The infamous organisation has featured in six previous Bond films and introduced a whole host of villains. In this chapter, they’re not adhering to any previous versions of Spectre but rather “rediscovering” it - as well as the super villain, this time played by the two-time Oscar-winner Christoph Waltz as Oberhauser.
“Having Spectre in the film opens up lots of avenues for us to explore,” notes Craig. “Having this organisation allows us to be both traditional, while also bringing in something very new.”
Every Bond villain needs a henchman of course, and in this movie it’s Hinx, played by the wrestler-turned-actor Dave Bautista.
Craig recalls accidentally hitting his herculean co-star on the nose during a stunt sequence set on a speeding train.
“I thought he’d come after me, but he was so sweet about it. He said, ‘Look, it’s happened before. Don’t worry about it’,” reveals the actor, who likes to keep the stunts “as real and fresh as possible”.
“We try to do stuff that we don’t think people have seen before, but having someone like Dave, who spent most of his career being thrown around and throwing other people around, he really knows what he’s doing and he’s incredibly safe. I’m obviously the one that isn’t safe,” he adds with a grin. “But he moves so quickly and is so agile, and for me, I think the sequences with him are all the more terrifying because of his presence.”
Naturally, the Bond franchise has its loyal fans, some of whom have been known to mix fact with fiction.
Asked if he’s ever experienced any overly-zealous fans attempting to ‘take Bond on’, Craig smiles and says: “Sometimes, but it’s OK. You just smile sweetly, it’s all good. Sometimes people also say, ‘You look like Daniel Craig’, and I’ll say, ‘Really? Thank you’.”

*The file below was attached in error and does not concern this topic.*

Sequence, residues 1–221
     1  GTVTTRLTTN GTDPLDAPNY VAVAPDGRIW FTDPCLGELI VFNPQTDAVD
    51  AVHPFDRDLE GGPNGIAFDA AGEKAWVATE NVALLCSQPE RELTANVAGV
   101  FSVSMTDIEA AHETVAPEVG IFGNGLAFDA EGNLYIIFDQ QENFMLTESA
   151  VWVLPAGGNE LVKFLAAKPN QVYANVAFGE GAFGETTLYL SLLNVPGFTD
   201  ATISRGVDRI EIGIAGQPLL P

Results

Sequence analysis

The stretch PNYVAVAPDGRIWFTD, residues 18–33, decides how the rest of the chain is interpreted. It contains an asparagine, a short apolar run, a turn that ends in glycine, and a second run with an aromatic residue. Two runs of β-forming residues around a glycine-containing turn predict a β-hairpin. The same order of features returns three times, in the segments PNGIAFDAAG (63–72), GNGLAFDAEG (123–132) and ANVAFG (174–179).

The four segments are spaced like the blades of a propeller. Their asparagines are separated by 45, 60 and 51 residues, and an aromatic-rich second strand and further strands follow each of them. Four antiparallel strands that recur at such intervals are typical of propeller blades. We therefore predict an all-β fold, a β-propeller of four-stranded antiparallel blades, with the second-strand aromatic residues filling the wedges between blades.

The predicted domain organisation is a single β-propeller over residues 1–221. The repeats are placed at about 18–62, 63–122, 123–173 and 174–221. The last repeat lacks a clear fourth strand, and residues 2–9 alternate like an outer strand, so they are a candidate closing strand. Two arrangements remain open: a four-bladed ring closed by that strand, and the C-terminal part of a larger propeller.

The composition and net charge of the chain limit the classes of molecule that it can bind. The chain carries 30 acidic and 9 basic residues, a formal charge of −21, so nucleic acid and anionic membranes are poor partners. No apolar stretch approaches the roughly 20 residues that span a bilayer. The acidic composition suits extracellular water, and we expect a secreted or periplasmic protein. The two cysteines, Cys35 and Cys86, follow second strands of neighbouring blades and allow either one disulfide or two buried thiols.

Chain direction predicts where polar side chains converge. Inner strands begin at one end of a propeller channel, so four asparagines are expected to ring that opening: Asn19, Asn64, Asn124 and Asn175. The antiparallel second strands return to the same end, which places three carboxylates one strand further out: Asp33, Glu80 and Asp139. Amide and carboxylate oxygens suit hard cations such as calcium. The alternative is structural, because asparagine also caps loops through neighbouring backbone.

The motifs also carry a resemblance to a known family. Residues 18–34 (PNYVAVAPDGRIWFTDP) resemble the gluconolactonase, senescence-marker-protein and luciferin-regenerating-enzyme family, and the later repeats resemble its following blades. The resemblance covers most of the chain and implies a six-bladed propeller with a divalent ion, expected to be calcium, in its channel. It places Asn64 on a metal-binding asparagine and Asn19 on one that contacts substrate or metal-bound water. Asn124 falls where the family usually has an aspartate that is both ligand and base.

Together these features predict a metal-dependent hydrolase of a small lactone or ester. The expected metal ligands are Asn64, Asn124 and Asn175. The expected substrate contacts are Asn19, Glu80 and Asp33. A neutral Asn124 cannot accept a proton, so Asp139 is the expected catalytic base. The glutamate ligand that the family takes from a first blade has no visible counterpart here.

He and wife Rachel Weisz, who won an Oscar for her role in 2005’s The Constant Gardener, are one of Hollywood’s most private couples, but he doesn’t ever regret taking on one of cinema’s most iconic roles.
“No, not for a minute,” insists the actor, who has a daughter, Ella, from his first marriage to actress Fiona Loudon.
“I was aware of that [the loss of privacy that could come with the role] going in, and I’ve remained as private as I possibly can,” he adds. “That for me is the most important thing, but I’ve also managed to make the movies, which are also incredibly important to me.”
Next year, he’ll return to the stage for an off Broadway production of Othello. “I’m really looking forward to it, it’s exciting,” remarks Craig, who’ll appear as Iago alongside David Oyelowo, a man who some have tipped to be his 007 successor.
There’s much talk of whether Spectre marks Craig’s final outing as the iconic spy, and despite the actor making headlines for joking that he’d “rather slash my wrists than play James Bond again”, he refuses to confirm either way - for now.
“I love making these films and the chance to come and make a movie after Skyfall was a huge challenge,” Craig concludes - but he offers up some advice to whoever does get involved with making any future Bond films.
“Just make them better.”